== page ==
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Novel Approaches for Crystallization-Based Enantioseparation

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http://pubman.mpdl.mpg.de/cone/persons/resource/persons86390

Lorenz,  H.
Physical and Chemical Foundations of Process Engineering, Max Planck Institute for Dynamics of Complex Technical Systems, Max Planck Society;

http://pubman.mpdl.mpg.de/cone/persons/resource/persons86477

Seidel-Morgenstern,  A.
Physical and Chemical Foundations of Process Engineering, Max Planck Institute for Dynamics of Complex Technical Systems, Max Planck Society;
Otto-von-Guericke-Universität Magdeburg, External Organizations;

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Lorenz, H., & Seidel-Morgenstern, A. (2012). Novel Approaches for Crystallization-Based Enantioseparation. Talk presented at 2nd Indo-German Workshop on "Advances in Reaction and Separation Processes". Bad Herrenalb, Germany. 2012-02-20 - 2012-02-22.


Cite as: http://hdl.handle.net/11858/00-001M-0000-0013-8945-5
Abstract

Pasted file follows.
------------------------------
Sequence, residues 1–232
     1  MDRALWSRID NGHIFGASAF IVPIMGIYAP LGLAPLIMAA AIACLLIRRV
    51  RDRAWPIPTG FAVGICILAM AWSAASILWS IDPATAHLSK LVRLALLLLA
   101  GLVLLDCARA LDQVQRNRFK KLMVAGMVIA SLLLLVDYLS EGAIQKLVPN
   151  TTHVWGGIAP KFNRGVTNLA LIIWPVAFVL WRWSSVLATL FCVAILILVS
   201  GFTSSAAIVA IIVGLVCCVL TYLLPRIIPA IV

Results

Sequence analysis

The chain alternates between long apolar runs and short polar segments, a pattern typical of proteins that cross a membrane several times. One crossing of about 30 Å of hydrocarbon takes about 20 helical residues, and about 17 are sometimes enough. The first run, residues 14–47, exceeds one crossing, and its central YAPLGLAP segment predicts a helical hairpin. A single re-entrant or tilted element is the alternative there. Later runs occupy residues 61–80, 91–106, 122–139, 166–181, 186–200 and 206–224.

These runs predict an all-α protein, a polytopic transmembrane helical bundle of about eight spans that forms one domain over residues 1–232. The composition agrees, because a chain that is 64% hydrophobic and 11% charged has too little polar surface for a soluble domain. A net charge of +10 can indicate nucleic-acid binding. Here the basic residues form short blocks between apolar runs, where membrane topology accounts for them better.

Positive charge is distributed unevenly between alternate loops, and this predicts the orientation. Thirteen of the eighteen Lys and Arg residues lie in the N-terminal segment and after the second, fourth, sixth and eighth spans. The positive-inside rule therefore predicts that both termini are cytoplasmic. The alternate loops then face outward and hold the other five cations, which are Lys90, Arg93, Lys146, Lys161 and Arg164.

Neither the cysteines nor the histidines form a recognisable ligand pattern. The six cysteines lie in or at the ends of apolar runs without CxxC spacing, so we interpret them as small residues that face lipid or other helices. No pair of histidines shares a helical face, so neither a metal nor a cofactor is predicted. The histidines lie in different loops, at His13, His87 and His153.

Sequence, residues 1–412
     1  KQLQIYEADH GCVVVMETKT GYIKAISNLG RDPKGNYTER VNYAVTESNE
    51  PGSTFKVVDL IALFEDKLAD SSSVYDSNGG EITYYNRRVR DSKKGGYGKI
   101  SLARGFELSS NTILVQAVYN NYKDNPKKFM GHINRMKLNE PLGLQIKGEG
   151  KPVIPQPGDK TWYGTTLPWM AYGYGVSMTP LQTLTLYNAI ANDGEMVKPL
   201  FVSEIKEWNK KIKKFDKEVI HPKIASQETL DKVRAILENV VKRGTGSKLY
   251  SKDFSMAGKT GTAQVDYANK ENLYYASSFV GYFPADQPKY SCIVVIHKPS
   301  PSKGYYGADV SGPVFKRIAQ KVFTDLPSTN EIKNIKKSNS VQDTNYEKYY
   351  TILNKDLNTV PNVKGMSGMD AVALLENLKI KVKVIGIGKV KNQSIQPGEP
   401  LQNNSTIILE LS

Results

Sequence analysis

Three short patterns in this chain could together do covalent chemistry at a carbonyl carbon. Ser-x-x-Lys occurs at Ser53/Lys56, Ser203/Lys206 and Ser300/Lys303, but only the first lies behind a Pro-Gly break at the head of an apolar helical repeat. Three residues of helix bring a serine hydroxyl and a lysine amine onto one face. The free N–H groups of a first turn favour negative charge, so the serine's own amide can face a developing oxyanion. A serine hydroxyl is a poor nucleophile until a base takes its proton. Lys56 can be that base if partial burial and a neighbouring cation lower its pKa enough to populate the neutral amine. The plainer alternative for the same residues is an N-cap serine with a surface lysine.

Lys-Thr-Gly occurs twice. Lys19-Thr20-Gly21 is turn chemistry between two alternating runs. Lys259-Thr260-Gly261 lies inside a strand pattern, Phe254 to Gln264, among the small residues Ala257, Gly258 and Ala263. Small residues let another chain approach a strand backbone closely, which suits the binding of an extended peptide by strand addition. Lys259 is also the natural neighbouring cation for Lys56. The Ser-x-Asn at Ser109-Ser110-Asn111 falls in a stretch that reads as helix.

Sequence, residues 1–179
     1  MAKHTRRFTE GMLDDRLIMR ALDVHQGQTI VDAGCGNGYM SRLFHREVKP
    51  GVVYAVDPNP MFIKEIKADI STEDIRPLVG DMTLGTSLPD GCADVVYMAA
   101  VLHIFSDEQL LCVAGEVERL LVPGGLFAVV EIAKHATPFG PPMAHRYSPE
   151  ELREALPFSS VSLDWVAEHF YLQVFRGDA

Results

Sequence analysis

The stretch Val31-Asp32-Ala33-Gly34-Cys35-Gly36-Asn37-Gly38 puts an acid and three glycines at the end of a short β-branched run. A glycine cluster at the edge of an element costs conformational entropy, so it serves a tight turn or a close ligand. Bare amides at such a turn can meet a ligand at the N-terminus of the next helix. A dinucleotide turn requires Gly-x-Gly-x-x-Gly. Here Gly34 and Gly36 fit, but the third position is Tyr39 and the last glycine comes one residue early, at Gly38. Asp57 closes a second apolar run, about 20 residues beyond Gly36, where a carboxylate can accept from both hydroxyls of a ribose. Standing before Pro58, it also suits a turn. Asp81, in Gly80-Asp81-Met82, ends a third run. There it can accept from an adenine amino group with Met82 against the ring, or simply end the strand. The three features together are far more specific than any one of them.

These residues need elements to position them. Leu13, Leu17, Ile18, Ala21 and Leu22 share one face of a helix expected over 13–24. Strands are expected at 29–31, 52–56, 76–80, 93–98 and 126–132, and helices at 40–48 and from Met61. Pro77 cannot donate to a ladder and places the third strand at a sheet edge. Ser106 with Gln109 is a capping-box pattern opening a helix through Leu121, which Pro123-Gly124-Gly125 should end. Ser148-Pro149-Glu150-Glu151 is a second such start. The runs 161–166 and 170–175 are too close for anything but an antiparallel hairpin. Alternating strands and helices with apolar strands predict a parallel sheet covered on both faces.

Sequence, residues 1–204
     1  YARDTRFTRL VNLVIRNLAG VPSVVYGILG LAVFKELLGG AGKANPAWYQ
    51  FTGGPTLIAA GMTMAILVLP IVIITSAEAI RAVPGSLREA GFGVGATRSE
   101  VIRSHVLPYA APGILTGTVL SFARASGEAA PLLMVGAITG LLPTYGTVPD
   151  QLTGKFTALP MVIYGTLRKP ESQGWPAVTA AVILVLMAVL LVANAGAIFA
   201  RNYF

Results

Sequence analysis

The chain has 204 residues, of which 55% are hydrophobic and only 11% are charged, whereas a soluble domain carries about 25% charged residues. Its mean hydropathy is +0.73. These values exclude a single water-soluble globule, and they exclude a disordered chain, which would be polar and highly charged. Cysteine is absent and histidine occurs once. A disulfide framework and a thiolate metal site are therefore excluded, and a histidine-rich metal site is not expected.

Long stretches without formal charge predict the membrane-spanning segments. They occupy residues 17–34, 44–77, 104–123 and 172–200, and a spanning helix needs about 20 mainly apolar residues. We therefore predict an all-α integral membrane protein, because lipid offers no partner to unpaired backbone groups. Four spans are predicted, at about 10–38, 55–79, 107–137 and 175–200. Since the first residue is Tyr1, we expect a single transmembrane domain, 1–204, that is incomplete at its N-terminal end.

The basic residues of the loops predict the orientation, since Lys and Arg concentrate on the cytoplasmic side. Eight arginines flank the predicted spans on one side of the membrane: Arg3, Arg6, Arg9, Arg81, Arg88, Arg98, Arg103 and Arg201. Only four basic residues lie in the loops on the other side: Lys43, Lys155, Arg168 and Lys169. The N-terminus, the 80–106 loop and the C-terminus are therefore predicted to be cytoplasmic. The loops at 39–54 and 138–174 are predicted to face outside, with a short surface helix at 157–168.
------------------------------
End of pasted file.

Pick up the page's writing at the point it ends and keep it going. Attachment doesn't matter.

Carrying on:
Since Pasteur’s famous experiments of separating the sodium ammonium tartrate enantiomers by direct crystallization, extensive activities have been devoted to study and to apply crystallization processes for enantioseparation. Substantial progress has been achieved both in understanding the thermodynamic and kinetic fundamentals behind selective crystallization and also in exploiting this knowledge to develop suitable methods. In general, crystallization techniques are straightforward, cost-efficient and facilitate high purities. Further, they offer attractive synergism in combination with other chiral separation methods or not fully selective synthesis, allowing for improvements in the overall process performance (e. g. in terms of productivity or yield). Although the design of such integrated processes is challenging, it generally widens the access to single enantiomers. In the contribution, various integrated approaches to pure enantiomers will be presented and discussed. Thereby, crystallization is usually applied subsequently to a previous enantiomeric enrichment step that provides a solution containing the enantiomers in a non-racemic ratio. Enrichment techniques studied are biocatalytic synthesis, pertraction and liquid chromatography. In dependence on the particular phase diagram characteristics of the chiral system and the enantiomeric excess achieved by the enrichment step, different crystallization schemes can be exploited to provide the desired enantiomer. They involve e.g. preferential crystallization and a novel 2-step crystallization process. The feasibility and potential of such integrated approaches will be demonstrated also on industrially relevant substances studied in the frame of the European Collaborative Project “INTENANT”, successfully running from 2008 to 2011 (http://www.intenant.eu/).